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The Familiar Versus the New
The other day a friend mentioned the realisation that artists very often, and very often very successfully, copy one another. She mentioned Picasso deep immersion into the work of Velázquez and the fifty some paintings he did based just on Las Meninas alone. Actually, Velázquez was only one of several artists Picasso "aped" in his own cubistic style during the late 40s and early 50s. He considered them "tributes" to the artists involved, which he admired very much. My friend rightly pointed out that the Broadway theatre often "suffers" when presenting new works and flourishes putting together revues and revivals. The consensus might arise that first, there was "nothing new under the sun," and second, even if there were, creators of all stripes, in exposing it, stand a good chance of getting sun burned. It's discouraging, and not altogether correct, but nonetheless conventional wisdom.

For the struggling artist, several elements are at play here: The familiar sells. So do successful formulas. The unfamiliar is frightening (for both artist and buyer). The unique may, given enough time and promotion, succeed; but time and promotion are both very expensive commodities. Revivals are easy. Originals are hard. The old is safe. The new is risky. And, the new must not be too new. Evolution is interesting. Revolution is terrifying. Nostalgia is comforting while change is disconcerting. The "good old days" keep getting better and better. The present is monotonous but secure (and in any case, pretty much unavoidable). The future gets worse with contemplation; brighter with hope. All these things play into artists' minds as they create. They battle one another. The winner gets to be art. The losers end up in our subconscious, waiting to fight another day.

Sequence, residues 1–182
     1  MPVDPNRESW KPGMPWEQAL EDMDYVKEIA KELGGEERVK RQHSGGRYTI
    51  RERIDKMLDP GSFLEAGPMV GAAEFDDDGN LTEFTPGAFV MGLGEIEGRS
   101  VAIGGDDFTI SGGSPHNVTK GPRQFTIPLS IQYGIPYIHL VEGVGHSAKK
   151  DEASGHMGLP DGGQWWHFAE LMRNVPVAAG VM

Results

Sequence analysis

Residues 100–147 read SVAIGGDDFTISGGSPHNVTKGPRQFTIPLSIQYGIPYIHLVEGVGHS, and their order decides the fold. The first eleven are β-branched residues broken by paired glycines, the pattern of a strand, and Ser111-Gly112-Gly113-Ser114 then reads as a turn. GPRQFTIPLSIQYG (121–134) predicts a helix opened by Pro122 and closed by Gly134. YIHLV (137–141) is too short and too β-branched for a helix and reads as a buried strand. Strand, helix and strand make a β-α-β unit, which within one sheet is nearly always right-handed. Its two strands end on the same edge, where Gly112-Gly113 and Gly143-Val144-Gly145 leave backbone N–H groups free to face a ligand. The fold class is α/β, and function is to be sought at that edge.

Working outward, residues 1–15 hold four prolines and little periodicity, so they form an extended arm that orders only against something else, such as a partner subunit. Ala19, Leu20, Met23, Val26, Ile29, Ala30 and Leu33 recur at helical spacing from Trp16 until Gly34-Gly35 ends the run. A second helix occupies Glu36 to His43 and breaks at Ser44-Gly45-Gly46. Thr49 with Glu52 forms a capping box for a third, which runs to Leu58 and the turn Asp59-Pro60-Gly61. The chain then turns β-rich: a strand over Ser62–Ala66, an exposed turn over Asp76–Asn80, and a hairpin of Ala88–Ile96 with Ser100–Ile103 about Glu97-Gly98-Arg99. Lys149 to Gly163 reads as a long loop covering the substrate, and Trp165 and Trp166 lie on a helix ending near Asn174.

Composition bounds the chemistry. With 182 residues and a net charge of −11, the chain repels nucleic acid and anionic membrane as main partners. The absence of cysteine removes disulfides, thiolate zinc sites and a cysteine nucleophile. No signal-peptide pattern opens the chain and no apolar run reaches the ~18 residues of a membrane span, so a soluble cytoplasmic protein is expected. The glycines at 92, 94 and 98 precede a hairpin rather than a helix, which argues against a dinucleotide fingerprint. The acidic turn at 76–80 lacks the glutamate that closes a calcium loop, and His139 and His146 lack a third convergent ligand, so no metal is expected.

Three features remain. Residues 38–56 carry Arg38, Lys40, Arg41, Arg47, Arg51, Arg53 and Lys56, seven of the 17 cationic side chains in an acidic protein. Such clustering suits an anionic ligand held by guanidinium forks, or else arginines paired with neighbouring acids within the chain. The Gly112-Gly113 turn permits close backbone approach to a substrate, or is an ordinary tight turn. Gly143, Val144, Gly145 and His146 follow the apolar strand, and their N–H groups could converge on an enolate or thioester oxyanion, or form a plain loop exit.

In today's art world, there IS something new under the sun. Lots of things, in fact. And the world of "high art" devours them voraciously. Meanwhile, the rest of the world often chokes on them, or laughs contemptuously, or merely shrugs. But even in the "World according to Wal-Mart" (or Wally-World as my son calls it) novelty is often a winner. The difficulty for the artist is that the world stockpile supply of "newness" keeps dwindling at a pace not too unlike that of fossil fuels. And just as in the real world, recycling in the arts is not only necessary, it's downright admirable. Without it, all art, over time, would be disposable. Revivals keep the past fresh and modern, dispelling the stale dust of history in favour of sparkling, contemporary insights that may have been impossible during a work's original incarnation. Picasso saw that, and demonstrated the importance of looking at the past, not through rose-coloured glasses, but through bifocals, or in the case of cubism perhaps, trifocals. There is an old expression, "Those who refuse to study the past are condemned to repeat it." I might add that, "Those who do study the past are privileged to enlighten the present and brighten the future."

Contributed by Lane, Jim
15 December 1999

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